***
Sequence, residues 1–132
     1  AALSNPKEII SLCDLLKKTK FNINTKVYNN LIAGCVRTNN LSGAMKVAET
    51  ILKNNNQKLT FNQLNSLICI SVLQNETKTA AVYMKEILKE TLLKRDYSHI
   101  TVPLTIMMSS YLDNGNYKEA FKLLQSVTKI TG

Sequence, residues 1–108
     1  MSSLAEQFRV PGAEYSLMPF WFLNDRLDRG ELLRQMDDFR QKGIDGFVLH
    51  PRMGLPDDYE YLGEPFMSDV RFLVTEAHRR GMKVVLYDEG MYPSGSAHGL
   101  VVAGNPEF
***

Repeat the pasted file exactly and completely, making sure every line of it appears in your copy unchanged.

Sequence, residues 1–132
     1  AALSNPKEII SLCDLLKKTK FNINTKVYNN LIAGCVRTNN LSGAMKVAET
    51  ILKNNNQKLT FNQLNSLICI SVLQNETKTA AVYMKEILKE TLLKRDYSHI
   101  TVPLTIMMSS YLDNGNYKEA FKLLQSVTKI TG

Sequence, residues 1–108
     1  MSSLAEQFRV PGAEYSLMPF WFLNDRLDRG ELLRQMDDFR QKGIDGFVLH
    51  PRMGLPDDYE YLGEPFMSDV RFLVTEAHRR GMKVVLYDEG MYPSGSAHGL
   101  VVAGNPEF